Eleven years ago, Brit director Roger Michell gave us Notting Hill, one of the best romantic comedies of the '90s. Genre-wise, Michell has been all over the map since then but returns to similarly light territory with Morning Glory, albeit with less than successful results.
Morning Glory is not a rom-com. Our heroine, Becky Fuller (Rachel McAdams) has little time for romance, as focussed as she is on succeeding in the highly-competitive breakfast television arena. As the newly-appointed producer of Daybreak, the perennially fourth-running show in a race of four, and having fired one of her anchors on day one, Becky needs a new co-host to sit opposite Colleen Peck (Diane Keaton in a thankless role), and a miracle to save the show and her ass.
That miracle comes in the unlikely form of Mike Pomeroy (Harrison Ford at his most grizzly), a serious television journalist from the old school of reporting who's basically coasting out his contract with the network. That contract features a loophole which enables Becky to force Mike into the vacant co-anchor's chair, and what begins as a foolhardy experiment starts to pay off when audience interest increases due to the barely contained hostilities displayed between Colleen and Mike.
And Morning Glory could have been a lot more fun had it run with this war of the roses. Keaton and, somewhat surprisingly, Ford have excellent comic chops which Ford gets to work-out to good effect as the cantankerous old newsman. Keaton's role, however, seems to have been severely reduced in the editing room.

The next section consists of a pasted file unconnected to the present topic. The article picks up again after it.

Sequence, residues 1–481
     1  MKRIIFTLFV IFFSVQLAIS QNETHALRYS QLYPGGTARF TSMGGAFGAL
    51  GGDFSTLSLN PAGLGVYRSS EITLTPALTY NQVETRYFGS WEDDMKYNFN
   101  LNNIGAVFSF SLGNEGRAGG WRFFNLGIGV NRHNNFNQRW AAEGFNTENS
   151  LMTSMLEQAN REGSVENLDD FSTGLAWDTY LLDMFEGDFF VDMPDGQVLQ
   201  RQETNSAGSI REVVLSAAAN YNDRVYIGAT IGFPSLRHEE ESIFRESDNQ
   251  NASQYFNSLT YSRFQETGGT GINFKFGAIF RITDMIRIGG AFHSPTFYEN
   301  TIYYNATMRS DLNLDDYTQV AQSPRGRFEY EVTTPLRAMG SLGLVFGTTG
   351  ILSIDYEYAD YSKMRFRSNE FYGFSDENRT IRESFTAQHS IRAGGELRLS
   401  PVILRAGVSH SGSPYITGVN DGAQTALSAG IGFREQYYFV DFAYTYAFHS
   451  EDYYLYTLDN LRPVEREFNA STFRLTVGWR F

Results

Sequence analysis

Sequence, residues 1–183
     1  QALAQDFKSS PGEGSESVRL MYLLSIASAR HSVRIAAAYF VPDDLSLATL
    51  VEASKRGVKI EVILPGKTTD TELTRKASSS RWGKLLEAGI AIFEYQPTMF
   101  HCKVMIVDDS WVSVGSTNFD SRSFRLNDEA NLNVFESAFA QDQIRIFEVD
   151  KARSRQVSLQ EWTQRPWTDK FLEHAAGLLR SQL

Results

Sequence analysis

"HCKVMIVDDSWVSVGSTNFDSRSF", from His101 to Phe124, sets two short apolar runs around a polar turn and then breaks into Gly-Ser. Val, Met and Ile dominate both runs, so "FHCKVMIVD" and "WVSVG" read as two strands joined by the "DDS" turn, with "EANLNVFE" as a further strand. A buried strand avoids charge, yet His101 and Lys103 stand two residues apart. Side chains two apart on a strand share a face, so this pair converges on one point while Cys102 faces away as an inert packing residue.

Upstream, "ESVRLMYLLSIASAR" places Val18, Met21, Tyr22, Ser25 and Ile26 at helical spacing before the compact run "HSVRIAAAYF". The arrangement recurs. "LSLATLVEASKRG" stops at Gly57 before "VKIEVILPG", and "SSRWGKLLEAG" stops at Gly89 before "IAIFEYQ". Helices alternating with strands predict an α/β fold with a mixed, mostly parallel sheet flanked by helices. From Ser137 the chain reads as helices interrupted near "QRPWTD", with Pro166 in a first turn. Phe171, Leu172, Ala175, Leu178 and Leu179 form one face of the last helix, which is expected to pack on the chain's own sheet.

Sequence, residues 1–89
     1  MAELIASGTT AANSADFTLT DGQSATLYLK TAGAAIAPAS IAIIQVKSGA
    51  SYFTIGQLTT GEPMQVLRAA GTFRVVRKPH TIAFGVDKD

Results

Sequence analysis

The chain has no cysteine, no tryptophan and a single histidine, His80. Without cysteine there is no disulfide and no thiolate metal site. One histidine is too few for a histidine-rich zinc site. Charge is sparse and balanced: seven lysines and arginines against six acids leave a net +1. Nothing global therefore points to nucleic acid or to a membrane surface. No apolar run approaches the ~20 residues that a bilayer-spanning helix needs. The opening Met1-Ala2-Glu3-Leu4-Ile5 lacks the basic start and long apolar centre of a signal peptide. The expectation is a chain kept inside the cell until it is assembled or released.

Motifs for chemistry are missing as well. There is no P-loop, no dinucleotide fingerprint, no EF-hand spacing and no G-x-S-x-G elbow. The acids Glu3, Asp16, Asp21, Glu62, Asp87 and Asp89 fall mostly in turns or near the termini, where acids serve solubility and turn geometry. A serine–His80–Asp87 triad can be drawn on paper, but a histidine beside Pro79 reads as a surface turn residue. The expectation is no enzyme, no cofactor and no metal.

McAdams, always a welcome screen presence, also has chemistry with Ford but thankfully Michell and his writer, Aline Brosh McKenna, avoid any May-December shenanigans between the two. She does, however, have a romantic interest in fellow network employee Adam Bennett (Patrick Wilson), but he's given only slightly more to work with than Keaton.
What the film does do is successfully skewer the vacuousness that is breakfast television. And anyone who has watched Channel 7's Sunrise knows this isn't endemic to American TV. But that is countered somewhat by Becky's success in her job, a success that comes from exploiting said vacuity at the expense of real news. It's something even the battle-hardened Mike will have to succumb to in order to save the show – dignity be damned!
There's no denying Morning Glory is enjoyable fare, but its this underlying ideology that leaves an unpleasant aftertaste, particularly for those of us who fear the continual dumbing down of our traditional media sources in response to a perceived attempt to compete with new media. That's no laughing matter and it shouldn't be championed.